Cardoza on Government Intrusion: Obama’s Bailouts and Regulations

4 Mar

I think a big problem with what is going on in the US Government today is that most people don’t really understand what’s happening.  That’s because it’s complicated and because lots of jargon (technical language from different fields) is used that further complicates things.

One issue that is going on today is that of Government Intrusion– the government getting involved with things in the wrong ways.  I’d like to use the recent financial bailouts in the US and the issue of “deregulation/regulation” to explain why this matters.

Understanding “Regulation” and “Deregulation” (Big Government Intrusion)

Whereas Republicans and Libertarians and many Independent voters are in favor of SMALLER government, Democrats and Socialists are for BIGGER government—that is a crucial distinctive to understand.  Let’s first look at Capitalism.

Capitalism and Deregulation in Plain English

In Free Market Capitalism, the government allows supply-demand (business) to govern whether companies win or lose—whether they succeed or fail.  In other words, in Free Market Capitalism, the government’s job is to create laws that ENABLE businesses to succeed and that “deregulate” them so no artificial barriers cause businesses to fail.  That way, if a business fails it is because the idea was wrong or the leadership was poor, or the timing for the business idea was wrong: They win or lose on their own, and they bear that responsibility for their success or failure.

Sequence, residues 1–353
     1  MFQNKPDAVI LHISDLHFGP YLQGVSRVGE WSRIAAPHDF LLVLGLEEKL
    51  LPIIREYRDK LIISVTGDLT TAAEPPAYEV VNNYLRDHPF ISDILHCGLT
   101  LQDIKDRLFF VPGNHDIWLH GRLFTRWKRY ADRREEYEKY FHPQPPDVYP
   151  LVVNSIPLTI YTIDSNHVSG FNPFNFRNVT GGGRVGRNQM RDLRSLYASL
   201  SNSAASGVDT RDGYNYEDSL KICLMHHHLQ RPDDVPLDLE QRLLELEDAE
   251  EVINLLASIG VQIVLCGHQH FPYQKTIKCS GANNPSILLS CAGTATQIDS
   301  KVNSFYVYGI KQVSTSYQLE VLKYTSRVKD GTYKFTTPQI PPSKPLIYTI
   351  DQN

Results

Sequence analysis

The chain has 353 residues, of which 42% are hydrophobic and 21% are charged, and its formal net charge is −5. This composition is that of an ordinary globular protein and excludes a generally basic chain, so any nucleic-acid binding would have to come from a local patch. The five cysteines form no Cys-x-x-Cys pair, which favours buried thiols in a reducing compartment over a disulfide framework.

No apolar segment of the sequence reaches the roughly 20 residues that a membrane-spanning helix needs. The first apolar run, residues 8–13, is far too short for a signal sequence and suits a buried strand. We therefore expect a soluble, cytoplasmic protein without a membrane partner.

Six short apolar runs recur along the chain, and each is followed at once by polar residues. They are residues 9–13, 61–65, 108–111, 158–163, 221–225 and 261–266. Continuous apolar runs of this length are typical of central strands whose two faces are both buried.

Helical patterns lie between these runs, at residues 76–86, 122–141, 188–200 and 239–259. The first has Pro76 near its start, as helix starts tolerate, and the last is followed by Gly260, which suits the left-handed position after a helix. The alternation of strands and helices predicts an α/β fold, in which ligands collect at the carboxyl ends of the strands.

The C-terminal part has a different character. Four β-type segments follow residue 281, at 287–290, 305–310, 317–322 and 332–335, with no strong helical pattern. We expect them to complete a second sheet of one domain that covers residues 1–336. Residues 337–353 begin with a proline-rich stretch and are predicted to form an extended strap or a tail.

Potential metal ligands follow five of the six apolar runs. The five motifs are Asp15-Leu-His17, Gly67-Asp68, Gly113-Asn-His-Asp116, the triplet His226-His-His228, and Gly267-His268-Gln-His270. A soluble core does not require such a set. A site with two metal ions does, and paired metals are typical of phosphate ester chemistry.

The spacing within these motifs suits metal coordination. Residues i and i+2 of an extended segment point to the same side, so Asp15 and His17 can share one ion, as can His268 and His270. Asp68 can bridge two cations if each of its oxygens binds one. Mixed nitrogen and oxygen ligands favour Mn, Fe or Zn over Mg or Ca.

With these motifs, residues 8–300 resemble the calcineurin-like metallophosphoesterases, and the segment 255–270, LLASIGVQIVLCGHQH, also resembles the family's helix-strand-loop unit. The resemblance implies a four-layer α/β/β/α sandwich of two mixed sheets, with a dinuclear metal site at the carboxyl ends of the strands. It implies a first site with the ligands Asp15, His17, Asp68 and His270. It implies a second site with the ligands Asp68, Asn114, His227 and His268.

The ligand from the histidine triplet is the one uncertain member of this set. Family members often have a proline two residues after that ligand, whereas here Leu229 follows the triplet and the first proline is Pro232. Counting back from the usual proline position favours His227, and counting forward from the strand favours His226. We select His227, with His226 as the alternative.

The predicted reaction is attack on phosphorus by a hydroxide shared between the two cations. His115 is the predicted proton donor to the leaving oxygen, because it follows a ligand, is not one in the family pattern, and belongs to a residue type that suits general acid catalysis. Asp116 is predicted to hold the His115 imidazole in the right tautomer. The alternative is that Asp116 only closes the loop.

Socialism and Regulation in Plain English

On the other hand, in a more Socialist approach, Marxist ideas of economics are used.  What happens is a few things.

(Photo: Karl Marx)

First, the Government chooses winners and losers.  Instead of allowing businesses to fail, government decides who fails and who does not. So it chooses who will and who won’t get bailed out.  So, instead of allowing businesses to fail or to force them to make hard decisions to change course and become successful, the government uses tax payer money to bail the business out.  The companies it bails out then essentially become INCAPABLE of failing because they are funded with limitless supplies of printed money.  But other businesses don’t get that bailout money, and are in danger of going under.  That’s the problem with government bailouts.

Second, the Government begins to control private businesses by ‘owning’ them.  When federal financial bailouts occur, businesses become (partially or entirely) publically-owned (owned by taxpayers or the government).  And when government controls them, because a company needs capital/money, the government gets ‘shares’ of that company and may then have a “controlling interest” in the company.  That’s another way of saying they get to call the shots.

One recalls when the US Government bailed out General Motors recently.  Rival companies Ford, Toyota, Honda, and others got no money—and could have failed. But then, since the government bailed GM out, the President of the United States was able to fire the GM C.E.O., set salary limits, and help decide which brands (Buick, Pontiac, Saturn) died—affecting thousands of US Workers.  So the government chose winners and losers. It controlled businesses by owning them. And one wonders—no matter HOW BAD General Motors might perform in the future, now that it is essentially owned by the government, almost without question there is no circumstance under which the government would even ALLOW GM to fail, but no other car companies have that same guarantee.

The Point? Government was never supposed to get into the business of owning private industries.  When it does, it becomes unfair to other private businesses and the government ends up using taxpayers money to help some taxpayers and to hurt others, which affects persons, families and their futures.  That’s not right.


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